After the Japanese had bombed Pearl Harbor, life in the U.S. had changed. It was the first time in a long time that America was attacked on its homeland. This national security threat was a big shock to the people. The Japanese had to suffer the consequences of their attack. Just as the Germans developed concentration camps for the Jewish during World War II, the Americans set up "relocation" programs better known as internment camps to keep all the Japanese. The reason the Japanese were moved into these camps was because they were suspected of being spies. They were forced to live there for up to four years and were not able to continue with their own lives as they were before while they were living in these camps.
Many Japanese families came into this country in hope of a new and worthwhile life. They worked very hard to start their own businesses and establish themselves. Some families opened up their own shops to which they dedicated their whole lives and savings. When the internment programs began, store owners were pressured to get rid of all their merchandise. The pressure pushed them to sell their products for much less and resulted in a great loss of profit. If the shop owners were being difficult, the white vendors would threaten the shop owners’ families, knowing that no one would be able to stop them. This economic loss devastated all Japanese people. What would they do with such little money? There was no other choice, however, as they couldn’t take their merchandise with them (63 O’Brien).
Based on necessity, the War Department took responsibility for the removal for Japanese ancestry from the west coast. General DeWitt proclaimed two military areas after the passage of Executive Order 9066. Area 1 included western Washington, Oregon, California, and the southern half of Arizona. 5,000 Japanese were removed from the area. At Terminal Island near Los Angeles, California there were nearly 3,500 first and second generation Japanese. The military wanted all suspicious members of this community out in 48 hours. During this time, Dr. Yoshihiko Fujikawa described what he saw, saying he saw house wives being abused while cars, refrigerators, furniture and the like were confiscated (23 Nishimoto). The Japanese in Hawaii were treated differently, unlike the communities at Terminal Island and Areas 1 and 2, under General Dellos Emmons who stated,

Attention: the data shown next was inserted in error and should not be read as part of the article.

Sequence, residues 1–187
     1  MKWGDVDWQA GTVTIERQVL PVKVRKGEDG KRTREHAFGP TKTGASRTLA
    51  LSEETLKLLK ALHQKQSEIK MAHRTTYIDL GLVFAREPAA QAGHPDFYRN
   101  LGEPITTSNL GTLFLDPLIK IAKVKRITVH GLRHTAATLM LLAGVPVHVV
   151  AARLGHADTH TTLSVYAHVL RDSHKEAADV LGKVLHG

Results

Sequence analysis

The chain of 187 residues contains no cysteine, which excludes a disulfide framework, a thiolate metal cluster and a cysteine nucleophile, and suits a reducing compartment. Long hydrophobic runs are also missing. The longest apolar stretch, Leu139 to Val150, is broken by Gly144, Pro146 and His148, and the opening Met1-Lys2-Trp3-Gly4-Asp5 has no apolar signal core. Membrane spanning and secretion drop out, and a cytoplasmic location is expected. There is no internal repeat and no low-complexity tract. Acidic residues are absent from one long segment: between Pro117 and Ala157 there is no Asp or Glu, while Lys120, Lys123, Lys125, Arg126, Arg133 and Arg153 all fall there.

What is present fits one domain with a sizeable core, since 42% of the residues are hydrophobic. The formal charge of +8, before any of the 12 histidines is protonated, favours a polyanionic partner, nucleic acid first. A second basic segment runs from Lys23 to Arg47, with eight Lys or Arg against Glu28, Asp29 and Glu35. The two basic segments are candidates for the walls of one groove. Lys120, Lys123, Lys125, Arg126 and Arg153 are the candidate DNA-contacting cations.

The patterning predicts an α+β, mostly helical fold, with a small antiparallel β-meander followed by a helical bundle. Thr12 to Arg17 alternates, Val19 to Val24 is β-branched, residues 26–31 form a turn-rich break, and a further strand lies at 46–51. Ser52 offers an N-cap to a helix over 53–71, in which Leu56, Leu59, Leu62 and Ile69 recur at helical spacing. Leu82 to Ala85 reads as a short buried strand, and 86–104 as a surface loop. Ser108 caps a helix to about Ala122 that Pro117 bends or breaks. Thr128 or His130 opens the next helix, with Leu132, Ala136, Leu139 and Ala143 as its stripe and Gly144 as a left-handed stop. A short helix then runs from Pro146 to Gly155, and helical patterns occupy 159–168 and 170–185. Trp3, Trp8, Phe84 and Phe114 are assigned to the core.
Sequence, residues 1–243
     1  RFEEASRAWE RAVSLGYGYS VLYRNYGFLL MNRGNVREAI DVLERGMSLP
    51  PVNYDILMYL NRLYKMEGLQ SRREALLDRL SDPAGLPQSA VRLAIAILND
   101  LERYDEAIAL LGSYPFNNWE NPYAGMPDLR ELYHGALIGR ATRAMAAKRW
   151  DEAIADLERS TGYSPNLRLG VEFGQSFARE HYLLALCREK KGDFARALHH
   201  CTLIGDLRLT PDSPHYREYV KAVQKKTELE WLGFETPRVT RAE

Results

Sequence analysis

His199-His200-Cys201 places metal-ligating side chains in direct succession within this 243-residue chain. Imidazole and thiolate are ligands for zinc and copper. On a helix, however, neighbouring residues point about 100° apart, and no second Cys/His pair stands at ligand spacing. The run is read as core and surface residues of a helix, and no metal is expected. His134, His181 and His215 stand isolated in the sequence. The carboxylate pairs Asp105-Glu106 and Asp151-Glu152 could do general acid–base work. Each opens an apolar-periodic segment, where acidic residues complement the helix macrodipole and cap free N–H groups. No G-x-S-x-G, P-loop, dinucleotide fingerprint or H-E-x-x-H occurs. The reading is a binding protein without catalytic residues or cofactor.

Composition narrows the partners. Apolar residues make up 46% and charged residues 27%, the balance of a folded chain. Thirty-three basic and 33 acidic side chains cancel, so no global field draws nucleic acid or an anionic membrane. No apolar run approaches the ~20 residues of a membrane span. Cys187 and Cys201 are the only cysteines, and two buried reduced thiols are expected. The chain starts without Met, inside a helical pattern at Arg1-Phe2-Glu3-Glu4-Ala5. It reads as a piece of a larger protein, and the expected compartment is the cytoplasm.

There is no intention or desire on the part of the federal authorities to operate mass concentration camps. No person, be he or citizen or alien, need worry, provided he is not connected with subversive elements.While we have been subjected to a serious attack by a ruthless and treacherous enemy, we must remember that this is America and we must do things the American Way. We must distinguish between loyalty and disloyalty among our people (25 Nishimoto).
In internment camps cultural integrity was a problem. The Issei, or first generation Japanese who were older, were used to being very well...